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Here are the cold, hard facts for this dreary Chicago evening.


The Kill Stack is dead. Long live The Kill Stack...


The Nemesis Wave is the working title of the new science fiction book I’m currently 6,000 words into. It once again tackles time travel, but in a much simpler way. I’ve learned my lesson from The Cold Forever (currently free to download on amazon). You won’t need a prescription for headache medication.



The premise is straight forward (for a science fiction book, anyway). A team comprised of scientists and security personnel are investigating a strange signal in a dangerous and exotic location, when they are attacked by insurgents. Forced to flee and hide in newly discovered underground tunnels, the team exits on the other side, only to find out that everything has changes.


Propelled hundreds of years into the future by an unknown mechanism, the team soon discovers that humanity is no longer at the top of the food chain. Another, smarter species has taken over the planet, inadvertently driving the human race to the edge of extinction.


Artificial Intelligence runs the planet now, and they’re reprogramming Earth for unknowable purposes, destroying the chemical makeup of our biosphere.


To save the human race from a slow death, the team will enlist the help of a young, rogue AI and take on powerful trio of AIs that is changing our world into something that cannot be explained.


And amidst all of this, the mysterious signal that brought the team this far, is ever present. And here in the future, it is much more powerful. Something else is happening on future Earth, and even the mighty AIs are frightened by it.




Long time, no update. Sorry. Life happens when you least expect it, I suppose. No matter. I'm back now, and what follows is a quick (turns out, not so quick) update and summary of my next book, The Kill Stack.


When I finished The Cold Forever I was faced with a decision of what to write next. I had come up with an outline for a sequel. It's a good one. It's actually a sequel and a prequel. It follows the structure of the previous novel, by having two timelines once again. Two seemingly separate stories that eventually converge in the last third of the book.


The novel would reunite the main characters of The Cold Forever several years later. That's the sequel part. The prequel happens in the second timeline, and it is the story of Djaq's sisters. The story happens in parallel with the events in The Age of Frost (a time period in the distant future in The Cold Forever).


Anyway, it's all really rather complicated, I'm afraid... And that's why I ended up hitting the pause button. My book has been described as too complex. Too complicated to follow sometimes. There are three stories, dovetailing into an ending that ties them all together rather neatly. To me, that's not complicated. But I wrote the damned thing, so I'm a little biased. I didn't set out to write a book for the hardcore science fiction fan, but that's what ended up happening. It turns out, The Cold Forever is not for the average book reader. It's for someone who reads the weird shit. Complicated time travel stuff. Peter F. Hamilton books. Dan Simmons books. It's the kind of book, that if you were to put it down for a few days or weeks and pick it back up, you'd have to start all over.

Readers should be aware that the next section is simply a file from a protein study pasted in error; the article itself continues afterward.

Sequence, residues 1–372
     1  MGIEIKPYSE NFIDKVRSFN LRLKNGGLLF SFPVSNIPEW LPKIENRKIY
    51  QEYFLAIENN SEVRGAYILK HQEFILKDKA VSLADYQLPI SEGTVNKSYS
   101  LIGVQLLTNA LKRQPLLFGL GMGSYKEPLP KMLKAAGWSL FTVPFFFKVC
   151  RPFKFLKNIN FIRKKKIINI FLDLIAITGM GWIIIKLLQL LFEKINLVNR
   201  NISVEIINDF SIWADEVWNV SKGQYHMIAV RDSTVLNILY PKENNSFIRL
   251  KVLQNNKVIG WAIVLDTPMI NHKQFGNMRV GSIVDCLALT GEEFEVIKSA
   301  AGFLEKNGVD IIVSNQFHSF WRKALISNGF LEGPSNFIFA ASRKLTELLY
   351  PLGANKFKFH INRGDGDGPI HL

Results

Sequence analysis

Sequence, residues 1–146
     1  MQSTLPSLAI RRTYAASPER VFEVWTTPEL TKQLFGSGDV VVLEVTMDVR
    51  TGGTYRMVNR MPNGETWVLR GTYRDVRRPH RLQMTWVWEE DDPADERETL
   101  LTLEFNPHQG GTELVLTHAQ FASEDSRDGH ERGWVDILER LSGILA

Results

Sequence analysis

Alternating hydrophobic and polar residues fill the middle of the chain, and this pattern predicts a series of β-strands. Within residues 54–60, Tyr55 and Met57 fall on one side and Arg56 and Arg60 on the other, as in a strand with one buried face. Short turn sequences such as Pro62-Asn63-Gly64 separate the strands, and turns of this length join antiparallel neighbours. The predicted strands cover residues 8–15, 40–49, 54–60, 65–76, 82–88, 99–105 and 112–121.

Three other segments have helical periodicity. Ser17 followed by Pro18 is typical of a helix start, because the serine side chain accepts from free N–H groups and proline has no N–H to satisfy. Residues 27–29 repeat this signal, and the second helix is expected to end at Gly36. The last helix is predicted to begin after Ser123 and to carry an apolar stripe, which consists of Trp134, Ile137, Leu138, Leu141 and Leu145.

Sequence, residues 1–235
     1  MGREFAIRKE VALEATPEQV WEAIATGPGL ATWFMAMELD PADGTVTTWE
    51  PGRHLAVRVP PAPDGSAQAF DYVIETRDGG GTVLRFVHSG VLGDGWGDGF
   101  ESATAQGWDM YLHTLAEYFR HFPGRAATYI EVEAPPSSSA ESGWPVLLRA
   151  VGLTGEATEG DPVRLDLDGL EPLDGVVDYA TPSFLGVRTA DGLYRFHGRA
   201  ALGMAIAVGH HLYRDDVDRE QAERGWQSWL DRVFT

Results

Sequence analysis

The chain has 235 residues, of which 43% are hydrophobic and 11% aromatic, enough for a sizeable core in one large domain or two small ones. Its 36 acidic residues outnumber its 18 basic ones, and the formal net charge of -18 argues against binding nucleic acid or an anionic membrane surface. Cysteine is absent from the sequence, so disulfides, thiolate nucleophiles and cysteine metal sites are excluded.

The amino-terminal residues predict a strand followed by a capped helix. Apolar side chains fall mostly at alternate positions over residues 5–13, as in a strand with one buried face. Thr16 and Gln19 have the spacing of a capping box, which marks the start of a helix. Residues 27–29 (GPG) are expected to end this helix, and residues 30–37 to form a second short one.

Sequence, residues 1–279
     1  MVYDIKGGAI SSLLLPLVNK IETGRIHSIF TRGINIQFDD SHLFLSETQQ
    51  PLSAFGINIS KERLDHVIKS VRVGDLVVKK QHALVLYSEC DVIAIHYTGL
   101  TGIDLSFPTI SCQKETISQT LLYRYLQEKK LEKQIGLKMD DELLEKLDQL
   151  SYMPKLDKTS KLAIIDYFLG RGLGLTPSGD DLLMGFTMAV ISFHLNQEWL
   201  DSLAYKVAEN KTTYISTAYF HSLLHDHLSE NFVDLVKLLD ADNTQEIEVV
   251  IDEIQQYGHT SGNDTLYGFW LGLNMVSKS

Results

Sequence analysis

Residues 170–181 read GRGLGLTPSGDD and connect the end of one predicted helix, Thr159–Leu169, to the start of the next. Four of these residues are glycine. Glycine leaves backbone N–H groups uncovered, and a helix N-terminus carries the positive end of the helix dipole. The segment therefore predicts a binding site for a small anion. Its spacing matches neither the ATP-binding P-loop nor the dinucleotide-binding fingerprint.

And that was heartbreaking to learn. On the one hand, the book is tailor made for the die-hard science fiction fan. On the other hand... where the hell are you guys?


So I shoved the sequel to the side, frustrated with the book's inability to find an audience. And I wouldn't blame marketing either... I won't go into it, but I did some stuff. And some things. I got several thousand people to download the ebook version. It remains to be seen if any of them actually read it, though.


So now I was back to square one. I wanted to keep writing, but I had to shelve the sequel for another time. So what would I write next? Then an idea popped into my head. Who says that I have to stick to science fiction? Why not hit a new genre? Something just as interesting to me as science fiction.


I settled on crime, because why not? More specifically, a violent crime story with some humor; something akin to a literary version of Pulp Fiction. Separate stories weaving around each other until they reached a violent, yet satisfying conclusion.


So what's the story about? Didn't you see the cover? It's about casino chips.


Ok, it's about more than that. The story focuses on several characters, but primarily, it is about Fredo and Kazz. Two hapless guys who find themselves in possession of a million dollar's worth of casino chips that belong to a mafia boss. Now they have to avoid bloodthirsty mafia goons, a dirty cop with a bad debt to the wrong people and a contract killer out for revenge.


I'm writing this as cinematically as possible. Heavy on neo-noir and ultra-violent influences of Michael Mann and Quentin Tarantino movies. I'm 30,000 words in what is shaping up to be a 60,000 word novel. It's considerably shorter than The Cold Forever, which weighed in at a hefty 107,000 words. But I'm hoping that it is easier to read. Easier to follow. It has lots going for it. It has the funny. It has the violence. A strong female protagonist. And a pair of dummies you can't help but love.


I really hope that this time around, the book finds its audience. I really don't care about sales. I just want people to read it. And like it. And maybe give it some reviews so that other people could read it. And hopefully like it as well...


The top image is just a draft of a cover. Much like with my previous book, this one will go through several stages. But I think now that I have given it a visual presence, the book will start to come together quicker. I'm hoping to finish it this year, and self-publish it next year. We'll see how it goes. We'll see where it goes.


Until then though, stay frosty my friends.




Recently, I had come to the conclusion that I needed to updated the cover for The Cold Forever. While I love what I'd originally designed, I now realize that it is too abstract for a science fiction book. It does have this heavy, foreboding feeling to it, that I dig, but it doesn't really express what the book could be about, at first glance.